Growing up in Germany means being exposed to different foods than kids here in America. I still remember the jelly, my grandmother used to make from homegrown raspberries, we helped her pick in the garden.
Kids in Europe usually don’t know much about peanut butter and grow up on hazelnut spread instead. There are different brands, all with subtle flavor differences, featuring either a more nutty or more chocolaty taste. Ferrero’s Nutella is the leading brand, with the term Nutella being synonymously used for Hazelnut Spreads all over Europe. Not surprisingly, it’s also among the more expensive hazelnut chocolate spreads.
The Nutella success story began in northwestern Italy, shortly after World War II, when master confectioner Pietro Ferrero used hazelnuts, which are plentiful in the Piedmont region of Italy, to extend the chocolate supply. 23 years later, in 1969, Ferrero U.S.A., Inc. was founded and Nutella was introduced to the US market. Today, the Nutella supply for the US is produced in Canada and somehow finds its way to my breakfast table quite regularly.
Lately, Nutella became more popular here in the US, (e.g. My Nutella – Rihanna Umbrella Parody, and was featured in the Los Angeles Times’ Food Section this February: Nutty for Nutella: spreadable joy however during a recent visit to Germany @tompaulus and I made a disturbing discovery. The Nutella in Germany tastes differently than the Nutella here in the US and what’s even worse, the German stuff tastes much better.
The Nutella Experiment
Back in the US we almost forgot about the taste difference, until one morning when we once again enjoyed the creamy goodness. But we weren’t sure anymore, if the German Nutella really tasted better and therefore decided to find out and do the ultimate taste-test.
Like abovementioned, the Nutella here in the US is actually a product of Canada, and available in many grocery store chains like VONS, Ralphs, or Albertsons; the Store Locator may show some additional stores locations near you.
The North American Nutella sample for out test was purchased at the World Market in Oceanside, which offers the 13 OZ (370 g) plastic jar for US$ 3.99
Finding Nutella, produced in Europe, or to be more precise in Germany, can be a real challenge. Fortunately, Big John, founder and owner of Tip Top Meats – European Delicatessen, Inc. calls Carlsbad his home and his store offers many German and European specialties, among them extraordinary German beers (topic for another blog post, maybe) and Nutella. Slightly more expensive, the 29.1 OZ (825 g) glass jar was to be had for US$ 10.49
For the untrained shopper it can be quite challenging to see the subtle differences in the packaging. Here are some hints:
- Glass vs. Plastic – a glass jar is a strong hint that you may have found Nutella, originating in Europe.
- Texture on the embossed text on the lid – all lids seem to be white with the Nutella name embossed. However, the German version has a dotted texture on the characters.
- Golden Foil – removing the lid reveals a golden foil, sealing the content. The North American version is blank, the German Nutella has the product name and additional information printed on the foil.
Look, Smell, and Taste
To create fair and equal test conditions, we kept the two jars for one week in a dark location at room temperature. Opening the lids and removing the golden foil was already an eye-opening experience. The German Nutella is a little darker and the surface appear to be less shiny.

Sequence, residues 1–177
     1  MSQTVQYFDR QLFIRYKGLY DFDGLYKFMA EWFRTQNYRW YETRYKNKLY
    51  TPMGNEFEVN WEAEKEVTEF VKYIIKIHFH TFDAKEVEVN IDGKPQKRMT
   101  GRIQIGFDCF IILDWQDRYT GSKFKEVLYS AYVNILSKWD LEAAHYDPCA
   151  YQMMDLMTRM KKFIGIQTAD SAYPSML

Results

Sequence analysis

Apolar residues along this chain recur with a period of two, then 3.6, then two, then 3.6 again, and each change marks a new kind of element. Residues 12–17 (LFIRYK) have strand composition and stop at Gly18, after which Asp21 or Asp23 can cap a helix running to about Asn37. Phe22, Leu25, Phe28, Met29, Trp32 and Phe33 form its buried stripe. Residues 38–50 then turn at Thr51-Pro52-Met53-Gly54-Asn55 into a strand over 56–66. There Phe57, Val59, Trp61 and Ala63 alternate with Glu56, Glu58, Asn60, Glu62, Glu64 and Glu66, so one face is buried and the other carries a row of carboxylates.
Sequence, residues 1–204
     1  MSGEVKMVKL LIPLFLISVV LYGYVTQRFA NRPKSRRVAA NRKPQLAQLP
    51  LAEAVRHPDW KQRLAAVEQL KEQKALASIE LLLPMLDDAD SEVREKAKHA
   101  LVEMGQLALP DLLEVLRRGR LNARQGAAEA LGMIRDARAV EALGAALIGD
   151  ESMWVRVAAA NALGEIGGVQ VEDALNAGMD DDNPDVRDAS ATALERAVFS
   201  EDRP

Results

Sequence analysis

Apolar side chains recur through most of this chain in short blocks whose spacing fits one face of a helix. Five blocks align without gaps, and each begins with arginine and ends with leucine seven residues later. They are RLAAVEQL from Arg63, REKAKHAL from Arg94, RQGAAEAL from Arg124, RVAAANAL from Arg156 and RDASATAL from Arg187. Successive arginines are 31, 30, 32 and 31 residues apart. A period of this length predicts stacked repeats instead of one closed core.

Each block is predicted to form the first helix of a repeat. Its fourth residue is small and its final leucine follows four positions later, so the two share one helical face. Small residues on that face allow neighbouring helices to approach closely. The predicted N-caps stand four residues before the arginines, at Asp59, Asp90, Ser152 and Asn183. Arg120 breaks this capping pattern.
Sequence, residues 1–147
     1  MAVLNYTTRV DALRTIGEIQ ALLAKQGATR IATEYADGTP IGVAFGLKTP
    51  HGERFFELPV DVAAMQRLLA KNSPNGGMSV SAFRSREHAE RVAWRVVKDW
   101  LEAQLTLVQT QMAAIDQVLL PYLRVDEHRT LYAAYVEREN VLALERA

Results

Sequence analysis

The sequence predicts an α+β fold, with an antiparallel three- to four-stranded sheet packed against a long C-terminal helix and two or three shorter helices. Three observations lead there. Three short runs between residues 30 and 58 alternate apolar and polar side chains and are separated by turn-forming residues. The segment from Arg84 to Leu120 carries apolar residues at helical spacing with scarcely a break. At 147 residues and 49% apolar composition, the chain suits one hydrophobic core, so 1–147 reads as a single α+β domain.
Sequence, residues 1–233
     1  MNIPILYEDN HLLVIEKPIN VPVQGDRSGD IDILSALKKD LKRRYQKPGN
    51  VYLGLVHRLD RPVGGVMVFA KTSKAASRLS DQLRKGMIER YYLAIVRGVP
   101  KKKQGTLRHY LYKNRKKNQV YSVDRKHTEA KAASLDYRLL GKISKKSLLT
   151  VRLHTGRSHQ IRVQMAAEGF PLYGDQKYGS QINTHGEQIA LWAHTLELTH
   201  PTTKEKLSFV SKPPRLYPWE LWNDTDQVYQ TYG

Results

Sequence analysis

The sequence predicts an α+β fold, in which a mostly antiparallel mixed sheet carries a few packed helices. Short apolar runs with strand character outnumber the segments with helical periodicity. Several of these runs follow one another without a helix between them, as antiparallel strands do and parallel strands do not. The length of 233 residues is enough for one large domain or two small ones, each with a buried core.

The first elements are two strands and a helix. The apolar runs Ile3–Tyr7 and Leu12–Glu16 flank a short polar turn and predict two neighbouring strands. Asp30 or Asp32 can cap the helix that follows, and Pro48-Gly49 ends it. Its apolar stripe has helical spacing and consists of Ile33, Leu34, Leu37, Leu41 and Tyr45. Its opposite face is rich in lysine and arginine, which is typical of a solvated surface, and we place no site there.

The smell is even more telling that there must be a difference. The North-American product doesn’t seem to be releasing much scent at all. The German Nutella on the other hand has a noticeable nutty scent.
The widely-known Spoon Test showed that the consistency of the North-American Nutella is a little creamier and softer.
Obviously, taste is subjective, and opinions differ even stronger, when it comes to food. However, all participating Nutella Testers (that would be http://twitter.com/tompaulus and http://twitter.com/wolfpaulus) agreed unanimously that the German Nutella tastes much more intensive, more nutty and chocolaty, when compared with the North-American product. One tester got blind folded and was still able to identified the Nutella’s origin in four consecutive tests.
The German Nutella tasted better and not surprisingly, was strongly preferred during the meal following the Taste Test.
Better Than Nothing, But Still A Bad Copy
If a European or German version is unavailable or simply too hard to get then we will certainly continue to buy the Canadian version of the Nutella product. However, I feel sorry for the typical American consumer, who doesn’t even know what the real stuff tastes like.
There are many more examples like that. Take for instance the famous Harp Lager, an Irish beer (cousin of Guinness Stout) and widely available here in the US. The label clearly states Imported, a closer look however reveals that imported in this case means imported from Canada, where the beer is brewed and bottled. Again, the taste is different when compared to the real Irish Harp, which can be sampled in some fine Irish pubs here in Southern California.
Seems like food corporations could do a much better job when introducing foreign specialties but instead are sacrificing quality for profit or maybe act just carelessly.
On the other hand, if given a choice, we as consumers shouldn’t be rewarding those companies by buying their “tainted” products. Coke for example puts High Fructose Corn Syrup in the Coca-Cola it’s selling here in the US. The Coca-Cola bottled in Tijuana, Mexico however, is made with cane sugar.Cron.com had an interesting piece about this here: Have a taste of the real thing – sugar, that is
Just like my grandmother did way back when, we should be spending our money more consciously, going the extra mile, buying products from companies that do the same.